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Chris Campbell

White Clay Body Advice

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I need a white clay body that is readily available in Canada and the USA ... I am looking for Cone 5-6 that not only fires white, but is white in the wet stage. Need it to be pretty forgiving for workshop situations as well as cost effective. Any ideas from those who use the larger suppliers is most welcome. Thanks!

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Chris;

Contact Frank Tucker at Tucker Ceramic Supply. They are in Oakville, Ontario, which is a suburb of Toronto. He's a good guy. Might even comp you the clay for your work shop.

I don't fire to that temp, so can't recomend anything.We also use Plainsman clays out of Red Deer, Alberta. M340 is pretty good. Not exactly white, though.

TJR.

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I also believe that Tuckers mixes to full wet with a blunger and then uses a filter press for their clays......... which makes a world of difference in the handling of the finished product.  Not sure if that is for ALL bodies.

 

I don't think any US manufacturer does this.

 

Almost all in Japan do this.

 

best,

 

................john

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I also believe that Tuckers mixes to full wet with a blunger and then uses a filter press for their clays......... which makes a world of difference in the handling of the finished product.  Not sure if that is for ALL bodies.

 

I don't think any US manufacturer does this.

 

Almost all in Japan do this.

 

best,

 

................john

 

Some do, Matt and Dave's clay, Rovin ceramics in Ann Arbor, MI.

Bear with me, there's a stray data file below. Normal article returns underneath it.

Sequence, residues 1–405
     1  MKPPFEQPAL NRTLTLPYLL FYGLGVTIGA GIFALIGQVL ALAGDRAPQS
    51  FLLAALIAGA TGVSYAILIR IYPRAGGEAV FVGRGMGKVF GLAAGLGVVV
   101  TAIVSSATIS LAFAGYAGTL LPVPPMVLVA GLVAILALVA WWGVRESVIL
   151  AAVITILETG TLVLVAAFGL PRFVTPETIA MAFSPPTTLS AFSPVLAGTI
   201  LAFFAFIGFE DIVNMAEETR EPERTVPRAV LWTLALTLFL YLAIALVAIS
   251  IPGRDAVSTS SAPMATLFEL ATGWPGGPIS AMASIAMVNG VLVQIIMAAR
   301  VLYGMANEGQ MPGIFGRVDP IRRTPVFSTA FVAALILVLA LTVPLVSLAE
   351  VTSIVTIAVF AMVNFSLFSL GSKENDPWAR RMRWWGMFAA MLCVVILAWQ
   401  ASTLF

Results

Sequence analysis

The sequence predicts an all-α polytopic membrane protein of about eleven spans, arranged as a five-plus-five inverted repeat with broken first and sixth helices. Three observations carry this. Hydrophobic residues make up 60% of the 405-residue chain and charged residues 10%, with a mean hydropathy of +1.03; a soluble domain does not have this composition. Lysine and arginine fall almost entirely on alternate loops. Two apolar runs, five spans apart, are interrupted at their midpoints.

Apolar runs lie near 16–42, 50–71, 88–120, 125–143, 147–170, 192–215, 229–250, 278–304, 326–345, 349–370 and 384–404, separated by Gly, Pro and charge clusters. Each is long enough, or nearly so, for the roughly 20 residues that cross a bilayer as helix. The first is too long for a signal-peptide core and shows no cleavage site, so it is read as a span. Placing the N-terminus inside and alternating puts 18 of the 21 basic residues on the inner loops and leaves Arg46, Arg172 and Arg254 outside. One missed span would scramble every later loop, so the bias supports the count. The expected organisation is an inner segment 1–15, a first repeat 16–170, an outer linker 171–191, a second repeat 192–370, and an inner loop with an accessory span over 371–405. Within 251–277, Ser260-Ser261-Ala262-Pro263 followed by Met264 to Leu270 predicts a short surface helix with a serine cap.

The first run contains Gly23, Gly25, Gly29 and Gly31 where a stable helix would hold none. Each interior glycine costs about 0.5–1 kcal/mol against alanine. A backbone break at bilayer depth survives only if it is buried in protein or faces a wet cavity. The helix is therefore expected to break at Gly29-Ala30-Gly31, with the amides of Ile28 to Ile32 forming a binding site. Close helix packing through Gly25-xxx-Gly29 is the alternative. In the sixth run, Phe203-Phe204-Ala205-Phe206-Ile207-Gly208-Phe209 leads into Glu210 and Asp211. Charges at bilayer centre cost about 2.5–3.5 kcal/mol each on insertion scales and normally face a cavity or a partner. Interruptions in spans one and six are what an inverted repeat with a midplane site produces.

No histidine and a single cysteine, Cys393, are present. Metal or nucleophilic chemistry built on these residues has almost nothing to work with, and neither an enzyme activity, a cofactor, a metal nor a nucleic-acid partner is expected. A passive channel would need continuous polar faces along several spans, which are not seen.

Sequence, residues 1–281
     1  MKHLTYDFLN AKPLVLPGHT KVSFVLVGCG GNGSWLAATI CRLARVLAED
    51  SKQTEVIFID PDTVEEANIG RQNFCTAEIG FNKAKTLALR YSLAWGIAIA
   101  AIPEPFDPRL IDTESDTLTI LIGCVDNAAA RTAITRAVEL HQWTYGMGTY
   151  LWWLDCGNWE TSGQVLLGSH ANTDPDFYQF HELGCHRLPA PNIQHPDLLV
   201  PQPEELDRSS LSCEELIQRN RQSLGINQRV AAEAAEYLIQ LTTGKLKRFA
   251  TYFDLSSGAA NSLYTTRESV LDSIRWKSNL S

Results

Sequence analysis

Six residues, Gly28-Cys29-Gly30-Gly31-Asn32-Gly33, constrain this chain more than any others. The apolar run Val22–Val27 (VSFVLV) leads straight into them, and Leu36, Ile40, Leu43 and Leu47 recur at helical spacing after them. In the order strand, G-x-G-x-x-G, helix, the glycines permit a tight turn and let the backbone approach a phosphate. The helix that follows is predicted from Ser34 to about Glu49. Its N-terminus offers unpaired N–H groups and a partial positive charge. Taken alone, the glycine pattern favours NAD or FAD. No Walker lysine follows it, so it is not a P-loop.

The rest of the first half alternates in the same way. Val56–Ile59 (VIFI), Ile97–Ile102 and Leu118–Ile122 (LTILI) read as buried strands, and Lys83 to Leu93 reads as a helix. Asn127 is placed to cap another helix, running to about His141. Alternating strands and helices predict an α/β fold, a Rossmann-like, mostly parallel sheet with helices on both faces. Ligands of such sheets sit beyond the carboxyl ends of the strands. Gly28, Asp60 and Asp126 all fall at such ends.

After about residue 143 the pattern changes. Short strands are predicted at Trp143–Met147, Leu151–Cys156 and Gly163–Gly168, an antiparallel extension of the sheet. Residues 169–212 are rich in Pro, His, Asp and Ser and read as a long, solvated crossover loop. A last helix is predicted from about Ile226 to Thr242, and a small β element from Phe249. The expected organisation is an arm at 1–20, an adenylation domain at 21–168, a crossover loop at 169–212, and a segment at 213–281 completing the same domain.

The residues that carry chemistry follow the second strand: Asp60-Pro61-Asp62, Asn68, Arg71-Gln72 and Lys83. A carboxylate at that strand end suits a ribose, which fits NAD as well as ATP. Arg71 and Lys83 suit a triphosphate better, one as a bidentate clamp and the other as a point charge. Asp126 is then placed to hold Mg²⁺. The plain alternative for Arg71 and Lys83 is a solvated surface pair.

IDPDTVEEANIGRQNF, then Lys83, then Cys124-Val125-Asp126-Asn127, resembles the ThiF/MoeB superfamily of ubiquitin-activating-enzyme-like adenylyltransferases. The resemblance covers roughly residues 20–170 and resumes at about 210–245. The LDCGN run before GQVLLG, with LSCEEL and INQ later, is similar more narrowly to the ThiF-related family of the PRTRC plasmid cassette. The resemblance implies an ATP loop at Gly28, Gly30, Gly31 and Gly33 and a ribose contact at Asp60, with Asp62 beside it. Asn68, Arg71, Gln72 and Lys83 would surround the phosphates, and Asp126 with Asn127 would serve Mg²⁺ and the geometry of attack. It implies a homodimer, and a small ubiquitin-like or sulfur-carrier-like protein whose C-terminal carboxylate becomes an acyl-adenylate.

I'm surprised it isn't more common though.

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I use B-Mix 5 and like it a lot. It seems pretty reliable, and although it isn't porcelain-white in the wet stage, it is light enough so that when I was doing surface designs in colored slip on I could get a feel for the finished effect. It might be a little pricey, though.

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I also believe that Tuckers mixes to full wet with a blunger and then uses a filter press for their clays......... which makes a world of difference in the handling of the finished product.  Not sure if that is for ALL bodies.

 

I don't think any US manufacturer does this.

 

Almost all in Japan do this.

 

best,

 

................john

John

These guys filter press all thier clay and always have since 1941-small family run company

I used their clays for about 20 years-stopped in the early 90s when some body issues came up.

Not many know about this clay operation especially on this board as its a local middle California gold mining area in the hills .

As folks should know filter pressed clay is the best made clay as all the particles get wet.

I also know another potter (Alfred 60's graduate) Dale Roush who has his own filter press and blunger set up-its more a one man shop set up.